In 1916 German bombs from a Zeppelin airship fell upon 40 Burton locations. The industry fell flat for the first time since Napoleon Bonaparte’s European tour. Overnight, boozing became an unpatriotic pastime. Wartime prime minister David Lloyd George claimed: "We are fighting Germany, Austria and drink.” Taxes on beer were boosted. The temperance movement distributed pledge cards which read: ‘I've decided to be teetotal while on service for my country'. Each signed card would be witnessed by a chaplain or an army officer. Wartime monarch George V took the pledge for the duration of the conflict.
To reduce drunkenness during World War One the concept of ‘getting a round in’ was prohibited. The authorities assumed, perhaps correctly, that a group of four drinkers would hang on to sup four pints of IPA as each took their turn at the bar, compared to a solo imbiber who would head home sooner. From 1914-16 alcohol consumption in Britain slumped by 17%. Across the Baltic Sea the Russian Tsars attempted to follow suit. Vodka was prohibited from Moscow to St Petersburg - but the Russians simply made their own backyard brews.
Today, Burton’s architecture recalls a frothy past. There are cupolas and clock towers. Spires and sepulchres. Romanesque follies and rococo façades. But the barrel that fuelled the town ran dry decades ago. Geoff Mumford, the 77-year-old founder of Burton Bridge Brewery, remembers the last orders at the bar. “India Pale Ale got degraded,” the no-nonsense Mumford tells me over pints of his brewery’s citrusy Sovereign Gold. “It started as an 8% cask ale, and finished as a 3.5% bottled beer.” By 1947, when India became independent from British rule, there were no Empire troops to send IPA to. Furthermore, breweries across the globe found a way to ‘Burtonize’ water, adding gypsum salts to recreate Burton’s sulphurous source. “Poundland was founded in Burton,” says Mumford, referring to his town’s post-War decline.
Mumford is a former engineer at Allied Breweries, which was formed by the merger of historic marques Ansells, Tetley and Ind Coope. The concern firm is now owned by Carlsberg Group, who oversee 140 global beer brands. A century of automation had snipped workers employed in Burton’s beer trade from 10,000 to its current 400.
IPA was a victim of such consolidation. Fizzy ‘continental’ lagers in metal kegs could be standardised then marketed en masse, with each cask promising the same flavour wherever it was tapped. Smaller brands lost out as tastes changed from heavy bitters to lighter lagers, many of them advertised nationwide on TV. IPA survived as a boutique beer produced by the likes of Mumford. His Burton Bridge Brewery pale ale represents a resolute return to form. At 7.5%, it replicates the original beers that could withstand the voyage around the Cape, then sing like a Bollywood songstress on arrival. Mumford now exports it in the opposite direction - to IPA’s current leading market: the USA.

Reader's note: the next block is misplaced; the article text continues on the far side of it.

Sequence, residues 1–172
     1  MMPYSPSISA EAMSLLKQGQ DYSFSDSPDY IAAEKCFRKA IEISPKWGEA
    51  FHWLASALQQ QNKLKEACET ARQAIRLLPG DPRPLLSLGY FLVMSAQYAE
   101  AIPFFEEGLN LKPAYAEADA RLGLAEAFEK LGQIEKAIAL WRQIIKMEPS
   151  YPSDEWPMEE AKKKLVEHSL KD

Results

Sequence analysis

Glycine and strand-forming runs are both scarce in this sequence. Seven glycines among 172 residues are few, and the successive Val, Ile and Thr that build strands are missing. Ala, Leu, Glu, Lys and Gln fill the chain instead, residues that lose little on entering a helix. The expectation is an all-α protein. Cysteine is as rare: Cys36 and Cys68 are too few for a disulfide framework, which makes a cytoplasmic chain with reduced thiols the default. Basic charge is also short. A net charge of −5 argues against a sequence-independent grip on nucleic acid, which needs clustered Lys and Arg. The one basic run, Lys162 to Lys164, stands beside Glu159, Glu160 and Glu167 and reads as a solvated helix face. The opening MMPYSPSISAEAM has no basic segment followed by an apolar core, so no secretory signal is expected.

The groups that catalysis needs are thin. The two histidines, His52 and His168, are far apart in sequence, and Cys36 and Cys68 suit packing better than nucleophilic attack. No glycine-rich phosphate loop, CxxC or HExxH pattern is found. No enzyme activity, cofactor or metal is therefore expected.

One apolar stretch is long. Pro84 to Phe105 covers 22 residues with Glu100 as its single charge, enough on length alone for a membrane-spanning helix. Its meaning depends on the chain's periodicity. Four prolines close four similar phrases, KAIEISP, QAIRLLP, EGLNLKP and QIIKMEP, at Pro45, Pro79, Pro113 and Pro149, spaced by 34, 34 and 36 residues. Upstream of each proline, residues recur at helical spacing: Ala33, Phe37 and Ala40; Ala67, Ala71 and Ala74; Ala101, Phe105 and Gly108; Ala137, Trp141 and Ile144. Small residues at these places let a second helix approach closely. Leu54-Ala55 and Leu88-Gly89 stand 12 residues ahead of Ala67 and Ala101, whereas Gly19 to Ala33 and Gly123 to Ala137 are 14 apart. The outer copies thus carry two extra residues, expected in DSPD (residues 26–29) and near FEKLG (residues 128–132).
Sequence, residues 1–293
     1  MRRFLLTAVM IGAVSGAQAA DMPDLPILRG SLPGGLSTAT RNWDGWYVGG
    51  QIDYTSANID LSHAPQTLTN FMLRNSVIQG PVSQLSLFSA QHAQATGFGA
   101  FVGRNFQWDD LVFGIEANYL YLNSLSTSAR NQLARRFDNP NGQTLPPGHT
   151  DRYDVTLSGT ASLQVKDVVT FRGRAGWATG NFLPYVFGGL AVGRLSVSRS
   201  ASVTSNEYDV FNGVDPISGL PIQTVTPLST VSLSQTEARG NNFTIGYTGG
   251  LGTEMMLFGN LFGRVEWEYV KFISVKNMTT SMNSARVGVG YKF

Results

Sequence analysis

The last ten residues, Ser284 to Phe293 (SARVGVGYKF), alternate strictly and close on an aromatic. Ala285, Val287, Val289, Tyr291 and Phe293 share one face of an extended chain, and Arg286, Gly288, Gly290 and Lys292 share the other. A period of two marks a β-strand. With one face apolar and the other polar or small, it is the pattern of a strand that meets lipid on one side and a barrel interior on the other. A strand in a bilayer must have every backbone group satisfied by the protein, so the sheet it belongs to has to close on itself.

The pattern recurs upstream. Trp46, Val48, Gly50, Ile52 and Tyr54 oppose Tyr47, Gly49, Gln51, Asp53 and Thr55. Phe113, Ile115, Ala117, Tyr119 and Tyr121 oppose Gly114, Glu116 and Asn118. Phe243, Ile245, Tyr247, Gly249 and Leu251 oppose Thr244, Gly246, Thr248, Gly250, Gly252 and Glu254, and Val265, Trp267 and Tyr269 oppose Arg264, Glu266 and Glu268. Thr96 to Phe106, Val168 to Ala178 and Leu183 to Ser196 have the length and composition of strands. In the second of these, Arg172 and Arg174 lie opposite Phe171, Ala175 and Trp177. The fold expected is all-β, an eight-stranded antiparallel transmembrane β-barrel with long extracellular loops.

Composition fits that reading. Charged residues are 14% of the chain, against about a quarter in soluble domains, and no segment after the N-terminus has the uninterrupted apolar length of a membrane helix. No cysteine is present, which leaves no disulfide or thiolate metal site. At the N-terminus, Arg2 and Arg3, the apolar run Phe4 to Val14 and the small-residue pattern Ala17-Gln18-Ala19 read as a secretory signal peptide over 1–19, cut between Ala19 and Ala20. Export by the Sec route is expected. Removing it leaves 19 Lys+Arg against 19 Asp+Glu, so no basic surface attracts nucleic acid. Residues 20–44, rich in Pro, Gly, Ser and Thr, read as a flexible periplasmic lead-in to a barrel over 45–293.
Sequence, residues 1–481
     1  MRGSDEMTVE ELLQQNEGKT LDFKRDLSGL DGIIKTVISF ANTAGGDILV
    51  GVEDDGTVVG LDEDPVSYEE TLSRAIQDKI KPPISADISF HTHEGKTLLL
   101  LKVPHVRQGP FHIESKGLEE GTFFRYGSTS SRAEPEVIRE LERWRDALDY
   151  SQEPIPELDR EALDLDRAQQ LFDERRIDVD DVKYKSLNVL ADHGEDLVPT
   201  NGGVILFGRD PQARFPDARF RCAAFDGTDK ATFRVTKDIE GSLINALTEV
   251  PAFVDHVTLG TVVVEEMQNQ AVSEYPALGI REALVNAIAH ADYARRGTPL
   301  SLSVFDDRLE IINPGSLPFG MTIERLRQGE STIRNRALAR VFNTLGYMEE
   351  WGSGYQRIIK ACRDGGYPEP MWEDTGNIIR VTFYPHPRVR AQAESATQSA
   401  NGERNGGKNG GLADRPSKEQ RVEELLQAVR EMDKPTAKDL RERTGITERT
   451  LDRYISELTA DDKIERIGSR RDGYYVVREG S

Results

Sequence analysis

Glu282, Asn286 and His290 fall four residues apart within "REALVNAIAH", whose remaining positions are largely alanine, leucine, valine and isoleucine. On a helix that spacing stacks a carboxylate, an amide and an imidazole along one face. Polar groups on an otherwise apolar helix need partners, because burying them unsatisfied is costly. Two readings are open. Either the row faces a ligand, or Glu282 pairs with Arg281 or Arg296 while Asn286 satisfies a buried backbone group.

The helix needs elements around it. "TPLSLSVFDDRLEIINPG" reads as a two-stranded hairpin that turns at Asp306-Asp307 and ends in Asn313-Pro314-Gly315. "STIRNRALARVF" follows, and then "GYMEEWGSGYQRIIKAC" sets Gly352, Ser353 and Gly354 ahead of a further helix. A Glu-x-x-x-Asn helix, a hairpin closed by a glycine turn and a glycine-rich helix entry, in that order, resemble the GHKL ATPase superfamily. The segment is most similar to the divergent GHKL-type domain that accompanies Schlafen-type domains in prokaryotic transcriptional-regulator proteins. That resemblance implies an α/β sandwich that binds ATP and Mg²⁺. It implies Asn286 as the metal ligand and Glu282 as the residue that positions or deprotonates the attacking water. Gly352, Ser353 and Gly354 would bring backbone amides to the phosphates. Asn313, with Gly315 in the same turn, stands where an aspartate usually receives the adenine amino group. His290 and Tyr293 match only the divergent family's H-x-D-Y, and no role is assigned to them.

American IPA accounts for the green shoots of Burton’s brewing resurgence. Today visitors may witness wealthy Americans Instagramming the town’s brewery towers. Many are microbrewers on a Pale Ale pilgrimage to the Jerusalem of proper beer. That’s because two decades ago IPA came from nowhere to dominate the craft beer market in the United States. The trend arose from the availability of Cascade hops, a bulletproof US Department of Agriculture breed first released in 1971, which instilled wondrous grapefruit and citrus aromas into every home-brewed pint. Now the variety has dug its spurs into global IPA production as tenaciously as the East India Company subdued the subcontinent. Cascade hops, in green pellet form, can be purchased on Amazon then mailed anywhere in the world.
Those Instagramming Americans are visiting Britain’s National Brewery Centre, which could only be sited in Burton. The tour is impressive, not least as it includes a trio of IPA beers in the museum’s own microbrewery. Museum curator Vanessa Winstone explains that Chinese, Indians and South Africans, each culture with a prodigious history of beer consumption, also frequent the home of brewing. “Today’s IPA has the same qualities as that sent to India two centuries ago, following a timeless process,” says Winstone. “Beer is so ingrained in Burton that pubs like The Coopers Tavern (which was once a store for Imperial Stout) allow pints to be carried into the Indian restaurant across the street.” The pub also serves new brews like Kolkata, a 5% IPA that brims with Indian spice and is recommended as a pairing for curry, the UK’s national dish.
The United States is responsible for the final chapter of our IPA story. Gaurav Sikka, Managing Director at Arbor Brewing Company India in Bangalore, takes up the tale. “The Indian beer market is very similar to what the American market was in the early nineties,” he explains. Young Americans brewers, who had made “pilgrimages to Europe”, started recreating European beer styles “in their homes and basements and garages then slowly commercialised them. That’s the wave that India is following.”
That microbrewing trend hit India ten years ago. “A crop of folks like me who came back from the US, and were exposed to craft breweries there, wanted to bring a piece of that back home,” says Sikka. His brewing company's Beach Shack IPA, brewed in Goa where a wealthy domestic crowd vacations, fuses citrus and tropical fruit flavours into a refreshing India Pale Ale package. Do Sikka’s drinkers class IPA as a colonial product? “I don't think I see that to be very honest,” he muses. “IPA was born here actually so that's kind of a cool history.”
One avenue does get Sikka excited. The chance to market his IPA where the whole story started. “Taking an IPA, and doing the reverse move of making it in India then showcasing it in the UK, would be really cool,” he laughs. Such a journey would complete the circumnavigation of the world’s most popular craft beer. Consider it Burton’s passage to India - in reverse.
Tristan Rutherford writes wine and spirit stories from around the world.